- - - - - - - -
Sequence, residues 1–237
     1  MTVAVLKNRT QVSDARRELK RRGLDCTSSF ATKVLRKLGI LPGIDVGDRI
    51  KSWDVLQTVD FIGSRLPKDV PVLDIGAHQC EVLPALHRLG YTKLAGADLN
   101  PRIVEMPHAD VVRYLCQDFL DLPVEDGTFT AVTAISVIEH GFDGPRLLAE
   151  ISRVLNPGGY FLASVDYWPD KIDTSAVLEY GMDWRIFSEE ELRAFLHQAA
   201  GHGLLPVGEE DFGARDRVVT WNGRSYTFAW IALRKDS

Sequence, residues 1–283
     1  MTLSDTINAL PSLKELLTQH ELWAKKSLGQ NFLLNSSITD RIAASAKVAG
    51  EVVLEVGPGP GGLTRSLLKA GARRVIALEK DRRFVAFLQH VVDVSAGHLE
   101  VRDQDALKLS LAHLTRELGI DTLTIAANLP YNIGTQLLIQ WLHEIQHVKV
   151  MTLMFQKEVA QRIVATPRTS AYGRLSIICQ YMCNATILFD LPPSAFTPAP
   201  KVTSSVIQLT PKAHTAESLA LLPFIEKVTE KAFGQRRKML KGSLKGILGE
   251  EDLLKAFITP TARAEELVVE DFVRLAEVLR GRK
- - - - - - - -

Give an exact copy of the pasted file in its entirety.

Sequence, residues 1–237
     1  MTVAVLKNRT QVSDARRELK RRGLDCTSSF ATKVLRKLGI LPGIDVGDRI
    51  KSWDVLQTVD FIGSRLPKDV PVLDIGAHQC EVLPALHRLG YTKLAGADLN
   101  PRIVEMPHAD VVRYLCQDFL DLPVEDGTFT AVTAISVIEH GFDGPRLLAE
   151  ISRVLNPGGY FLASVDYWPD KIDTSAVLEY GMDWRIFSEE ELRAFLHQAA
   201  GHGLLPVGEE DFGARDRVVT WNGRSYTFAW IALRKDS

Sequence, residues 1–283
     1  MTLSDTINAL PSLKELLTQH ELWAKKSLGQ NFLLNSSITD RIAASAKVAG
    51  EVVLEVGPGP GGLTRSLLKA GARRVIALEK DRRFVAFLQH VVDVSAGHLE
   101  VRDQDALKLS LAHLTRELGI DTLTIAANLP YNIGTQLLIQ WLHEIQHVKV
   151  MTLMFQKEVA QRIVATPRTS AYGRLSIICQ YMCNATILFD LPPSAFTPAP
   201  KVTSSVIQLT PKAHTAESLA LLPFIEKVTE KAFGQRRKML KGSLKGILGE
   251  EDLLKAFITP TARAEELVVE DFVRLAEVLR GRK